With data interpretation and general circulation models in open dispute, the climate debate has turned decidedly political. And it’s all about messaging in this election year.
Climate activists hurl the pejorative “denier” at their critics—as in Holocaust denier. The more neutral term, skeptic, is avoided since the climate complex contends that the science is settled and the threat existential. “Climate change poses an existential threat to our future,” states Joe Biden, “and we are running out of time to address it.”
In contrast, the skeptics tag the opposition as alarmists. It is not hard to see why.
Consider the book title of “fanatical prophet” Michael Mann, The Madhouse Effect: How Climate Change Denial Is Threatening Our Planet, Destroying Our Politics, and Driving Us Crazy. Fellow scientist Andrew Dessler bluntly predicts mass climate death with survivors destined to live “short, hard lives of poverty.”
For his part, James Hansen, father of the climate alarm, has warned about a “globally catastrophic outcome” and a world “ungovernable” without “fundamentally alter[ing] our energy systems.” In 2006, he stated, “We have at most ten years—not ten years to decide upon action, but ten years to alter fundamentally the trajectory of global greenhouse emissions.”
And who can forget Obama’s science advisor, John Holdren, who warned in the 1980s that as many as a billion people could perish from climate change by 2020. That’s now.
Prima facie alarmism. Except that the guilty will not have any of that.
Mann vs. Alarmism
A recent profile of Michael Mann by Bryan Schatz in California Magazine (UC Berkeley: Summer 2020) portrays one of America’s leading climate alarmists/activists in this light:
Mann said there has been a pretty dramatic move away from denialism toward what he calls “the other Ds.” With outright denial no longer tenable, the “forces of inaction” have turned to delay and deflection. But there’s another D as well, at the opposite extreme from denial, that worries him almost as much: Doomerism.
But gloom-and-doom is what Mann et al. have been peddling as “the cause” since the 1980s. And with the general public unmoved, Mann (and Andrew Dessler) are now pushing for censorship against their critics.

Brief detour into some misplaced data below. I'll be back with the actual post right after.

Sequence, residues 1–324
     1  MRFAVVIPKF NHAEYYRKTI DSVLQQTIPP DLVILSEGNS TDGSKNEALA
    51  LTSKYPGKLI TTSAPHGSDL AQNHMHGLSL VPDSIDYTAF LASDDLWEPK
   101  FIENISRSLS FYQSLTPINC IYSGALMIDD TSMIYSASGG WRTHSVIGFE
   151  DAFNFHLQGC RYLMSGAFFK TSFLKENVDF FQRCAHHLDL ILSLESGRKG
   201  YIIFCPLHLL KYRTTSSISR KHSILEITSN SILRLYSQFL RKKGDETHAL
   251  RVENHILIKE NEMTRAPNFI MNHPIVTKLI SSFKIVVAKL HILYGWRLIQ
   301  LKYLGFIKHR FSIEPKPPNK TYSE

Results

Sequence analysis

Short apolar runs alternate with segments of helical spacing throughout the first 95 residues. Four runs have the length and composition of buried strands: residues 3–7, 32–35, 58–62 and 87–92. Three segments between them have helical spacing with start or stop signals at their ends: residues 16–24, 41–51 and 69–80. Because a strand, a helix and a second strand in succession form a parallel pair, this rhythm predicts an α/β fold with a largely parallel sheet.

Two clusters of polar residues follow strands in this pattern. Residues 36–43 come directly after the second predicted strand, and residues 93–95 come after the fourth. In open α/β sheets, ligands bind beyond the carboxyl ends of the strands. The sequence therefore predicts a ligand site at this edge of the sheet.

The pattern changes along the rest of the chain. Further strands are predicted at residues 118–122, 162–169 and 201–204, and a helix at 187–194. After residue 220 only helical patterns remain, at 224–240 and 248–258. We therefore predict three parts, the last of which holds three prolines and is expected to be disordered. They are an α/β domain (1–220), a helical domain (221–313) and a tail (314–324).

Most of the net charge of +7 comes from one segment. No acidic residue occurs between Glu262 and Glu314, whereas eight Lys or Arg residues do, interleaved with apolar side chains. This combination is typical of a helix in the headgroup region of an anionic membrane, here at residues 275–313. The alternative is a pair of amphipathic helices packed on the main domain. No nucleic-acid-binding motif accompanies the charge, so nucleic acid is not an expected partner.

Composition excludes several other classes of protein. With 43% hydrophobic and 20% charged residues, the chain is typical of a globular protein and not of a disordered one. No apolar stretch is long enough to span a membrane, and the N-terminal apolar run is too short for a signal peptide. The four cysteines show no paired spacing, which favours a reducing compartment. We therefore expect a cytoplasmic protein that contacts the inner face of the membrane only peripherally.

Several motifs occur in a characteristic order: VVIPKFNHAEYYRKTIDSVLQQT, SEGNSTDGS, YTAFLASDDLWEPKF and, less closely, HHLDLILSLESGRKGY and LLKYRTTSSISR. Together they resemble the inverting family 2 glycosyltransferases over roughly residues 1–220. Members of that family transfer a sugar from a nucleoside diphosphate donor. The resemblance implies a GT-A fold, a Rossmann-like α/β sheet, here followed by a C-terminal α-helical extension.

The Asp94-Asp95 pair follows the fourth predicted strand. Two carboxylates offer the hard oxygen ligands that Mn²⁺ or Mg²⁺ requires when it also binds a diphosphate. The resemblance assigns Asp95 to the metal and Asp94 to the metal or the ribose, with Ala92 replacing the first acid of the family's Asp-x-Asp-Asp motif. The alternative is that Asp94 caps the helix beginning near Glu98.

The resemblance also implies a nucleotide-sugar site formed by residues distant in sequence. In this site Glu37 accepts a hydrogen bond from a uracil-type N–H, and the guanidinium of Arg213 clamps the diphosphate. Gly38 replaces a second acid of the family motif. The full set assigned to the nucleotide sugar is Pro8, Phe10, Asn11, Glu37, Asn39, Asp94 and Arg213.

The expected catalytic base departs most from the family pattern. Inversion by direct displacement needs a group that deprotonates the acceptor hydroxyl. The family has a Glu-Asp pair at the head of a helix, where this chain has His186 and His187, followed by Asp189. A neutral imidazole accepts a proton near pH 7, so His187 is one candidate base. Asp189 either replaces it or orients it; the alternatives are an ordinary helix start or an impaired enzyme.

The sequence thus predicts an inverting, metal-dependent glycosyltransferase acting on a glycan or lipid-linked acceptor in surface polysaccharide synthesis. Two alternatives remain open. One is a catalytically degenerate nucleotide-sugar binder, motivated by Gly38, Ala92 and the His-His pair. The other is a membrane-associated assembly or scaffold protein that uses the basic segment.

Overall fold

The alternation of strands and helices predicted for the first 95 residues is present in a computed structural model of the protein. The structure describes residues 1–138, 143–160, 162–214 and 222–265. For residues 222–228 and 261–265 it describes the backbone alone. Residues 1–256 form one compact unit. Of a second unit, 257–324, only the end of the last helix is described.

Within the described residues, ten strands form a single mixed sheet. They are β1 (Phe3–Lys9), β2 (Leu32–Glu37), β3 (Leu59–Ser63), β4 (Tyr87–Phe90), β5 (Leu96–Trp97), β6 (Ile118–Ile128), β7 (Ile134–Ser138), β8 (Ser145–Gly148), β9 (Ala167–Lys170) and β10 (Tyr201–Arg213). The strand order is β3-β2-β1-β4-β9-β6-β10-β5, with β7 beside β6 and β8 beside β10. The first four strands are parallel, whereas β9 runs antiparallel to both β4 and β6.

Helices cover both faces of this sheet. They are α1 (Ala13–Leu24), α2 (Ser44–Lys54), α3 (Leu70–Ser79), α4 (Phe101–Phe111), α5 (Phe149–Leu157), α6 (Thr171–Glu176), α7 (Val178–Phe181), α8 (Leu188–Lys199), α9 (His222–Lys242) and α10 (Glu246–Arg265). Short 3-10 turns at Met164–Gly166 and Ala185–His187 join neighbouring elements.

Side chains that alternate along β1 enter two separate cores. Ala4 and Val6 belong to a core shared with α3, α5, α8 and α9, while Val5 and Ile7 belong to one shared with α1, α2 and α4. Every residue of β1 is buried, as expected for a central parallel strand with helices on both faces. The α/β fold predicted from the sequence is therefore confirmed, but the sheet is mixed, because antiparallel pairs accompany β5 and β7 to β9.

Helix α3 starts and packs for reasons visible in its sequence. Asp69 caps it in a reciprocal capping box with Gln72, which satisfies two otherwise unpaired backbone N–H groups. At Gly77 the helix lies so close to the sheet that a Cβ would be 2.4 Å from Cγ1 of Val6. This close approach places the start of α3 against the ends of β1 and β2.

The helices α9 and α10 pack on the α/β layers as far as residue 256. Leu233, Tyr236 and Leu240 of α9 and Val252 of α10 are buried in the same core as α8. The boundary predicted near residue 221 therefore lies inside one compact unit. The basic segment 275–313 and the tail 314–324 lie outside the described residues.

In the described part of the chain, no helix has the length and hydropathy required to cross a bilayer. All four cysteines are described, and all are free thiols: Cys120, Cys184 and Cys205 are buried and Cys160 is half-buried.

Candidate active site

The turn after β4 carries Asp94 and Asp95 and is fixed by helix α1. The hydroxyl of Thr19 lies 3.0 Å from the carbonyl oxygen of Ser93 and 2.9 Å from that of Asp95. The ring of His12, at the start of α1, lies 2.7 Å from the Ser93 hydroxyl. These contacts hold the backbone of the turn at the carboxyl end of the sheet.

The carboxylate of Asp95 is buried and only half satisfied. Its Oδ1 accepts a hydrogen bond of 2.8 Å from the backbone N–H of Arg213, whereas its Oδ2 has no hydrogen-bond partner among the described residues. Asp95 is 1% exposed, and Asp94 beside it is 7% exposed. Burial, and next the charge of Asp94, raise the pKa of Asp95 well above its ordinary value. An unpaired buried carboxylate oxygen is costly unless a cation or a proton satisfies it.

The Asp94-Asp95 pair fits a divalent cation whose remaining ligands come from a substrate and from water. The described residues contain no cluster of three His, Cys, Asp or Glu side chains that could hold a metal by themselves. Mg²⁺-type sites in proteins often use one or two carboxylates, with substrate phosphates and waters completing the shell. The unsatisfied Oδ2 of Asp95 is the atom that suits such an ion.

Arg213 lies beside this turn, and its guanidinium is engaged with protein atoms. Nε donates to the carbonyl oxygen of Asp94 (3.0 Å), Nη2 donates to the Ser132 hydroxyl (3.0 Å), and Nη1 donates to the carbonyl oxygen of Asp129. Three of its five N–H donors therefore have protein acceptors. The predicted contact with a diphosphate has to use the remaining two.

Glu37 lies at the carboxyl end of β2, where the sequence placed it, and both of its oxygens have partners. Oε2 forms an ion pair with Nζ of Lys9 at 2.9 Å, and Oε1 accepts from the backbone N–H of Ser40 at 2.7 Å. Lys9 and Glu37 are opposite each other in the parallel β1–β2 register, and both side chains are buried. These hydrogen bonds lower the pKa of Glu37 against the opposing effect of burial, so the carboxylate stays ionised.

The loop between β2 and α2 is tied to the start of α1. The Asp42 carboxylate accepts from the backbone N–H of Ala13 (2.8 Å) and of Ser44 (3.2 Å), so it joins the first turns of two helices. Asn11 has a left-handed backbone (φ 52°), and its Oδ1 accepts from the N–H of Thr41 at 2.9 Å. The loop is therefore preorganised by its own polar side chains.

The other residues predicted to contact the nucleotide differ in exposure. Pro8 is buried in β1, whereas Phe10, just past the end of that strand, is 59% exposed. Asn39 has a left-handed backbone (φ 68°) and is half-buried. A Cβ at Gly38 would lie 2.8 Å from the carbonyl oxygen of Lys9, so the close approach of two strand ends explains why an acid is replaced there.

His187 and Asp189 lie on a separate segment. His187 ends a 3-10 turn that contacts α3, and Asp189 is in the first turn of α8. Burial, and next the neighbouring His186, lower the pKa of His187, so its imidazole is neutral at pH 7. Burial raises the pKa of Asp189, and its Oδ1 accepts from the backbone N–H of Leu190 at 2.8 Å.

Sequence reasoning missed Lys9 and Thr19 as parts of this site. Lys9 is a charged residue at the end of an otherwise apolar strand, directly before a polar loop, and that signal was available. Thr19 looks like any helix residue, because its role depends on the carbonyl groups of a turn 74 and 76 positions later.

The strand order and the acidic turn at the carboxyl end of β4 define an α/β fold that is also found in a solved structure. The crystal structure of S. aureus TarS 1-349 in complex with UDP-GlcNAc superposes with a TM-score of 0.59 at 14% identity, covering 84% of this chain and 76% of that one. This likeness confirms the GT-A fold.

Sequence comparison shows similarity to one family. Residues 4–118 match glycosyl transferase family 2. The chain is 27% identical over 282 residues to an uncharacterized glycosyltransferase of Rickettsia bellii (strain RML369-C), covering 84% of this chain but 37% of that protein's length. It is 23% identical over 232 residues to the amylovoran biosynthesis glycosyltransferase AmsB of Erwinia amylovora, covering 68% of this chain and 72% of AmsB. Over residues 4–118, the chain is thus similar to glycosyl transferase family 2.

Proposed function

Mann for several years has been trying to have his cake and eat it too. In his Washington Post piece, “Doomsday Scenarios Are As Harmful as Climate Change Denial” (2017), he stated:
Doomist narratives … are now starting to appear in respected, mainstream venues…. It is important to be up front about the risks of unmitigated climate change … [b]ut there is also a danger in overstatement that presents the problem as unsolvable and future outcomes as inevitable. …. Importantly, fear does not motivate, and appealing to it is often counter-productive as it tends to distance people from the problem, leading them to disengage, doubt and even dismiss it.
And now Schatz reports in Michael Mann Fought Climate Denial. Now He’s Fighting Climate Doom:
Mann rattled off a list of steps the White House is taking to undo progress on the climate…. Just about the time he was starting to sound like a true doomer himself, however, he brightened. “But I’m convinced that that is not a permanent obstacle.”
Mann tweeted on June 12th when the profile piece was published, which led to this response:
I’m wondering what the difference is between “climate doom”, and realism based on scientific data? Legitimate scientific papers from the 80s and 90s concluded, “we have ten years left to address climate change, before it’s too late”. These weren’t fringe articles, but rather, genuine peer-reviewed papers in recognised scientific journals. So…are these papers suddenly no longer valid? Why is someone who reads these, and concludes that it’s too late, called a “doomer”? Honest question.
Receiving silence, this reader asked Mann: “Where is the answer to my question.” To which I answered:
You busted a troubled narrative. Climate exaggeration has been mainstream for decades, and it is now alarming the alarmists.
Revisiting the tweet on July 5th, these comments appear removed. The other side not only refuses to debate, they do not take tough questions. As Mann stated in another tweet: “All of the noise right now from the climate change denial machine, the bots & trolls, the calls for fake ‘debates’, etc. Ignore it all…. Report, block. Don’t engage.”
I have run into alarm-is-not-alarm before. In a rebuttal to my widely read Forbes piece, “Climate Exaggeration is Backfiring” (2016), Professor Kyle Armour complained:
Yes, one can find examples of when individual scientists or politicians have exaggerated the impacts of climate change. But to present those examples as if they are mainstream views, when they are not, is very misleading.
To which I responded:
I also must ask my critics who profess to dislike scientific exaggeration. Where are you when the big names exaggerate to spew climate alarmism? Where is the real-time rebuttal to Al Gore, John Holdren, Paul Ehrlich, Joe Romm, Rajendra Pachauri, and many others?
The alarmists are tip-toeing on greased wire. Forecasts of impending doom set up a real-world refutation, dissuade the public as repetitive hyperbole, and leave sympathizers demoralized. Adaptation, free-market style, is what is left, practically speaking.
But if the climate rhetoric is toned down, the issue quickly recedes against here-and-now problems, from the coronavirus pandemic to jobs and growth to summer air-conditioning bills.
It’s all confusing. Needless to say, it’s not easy selling “green” against superior arguments and conventional energies.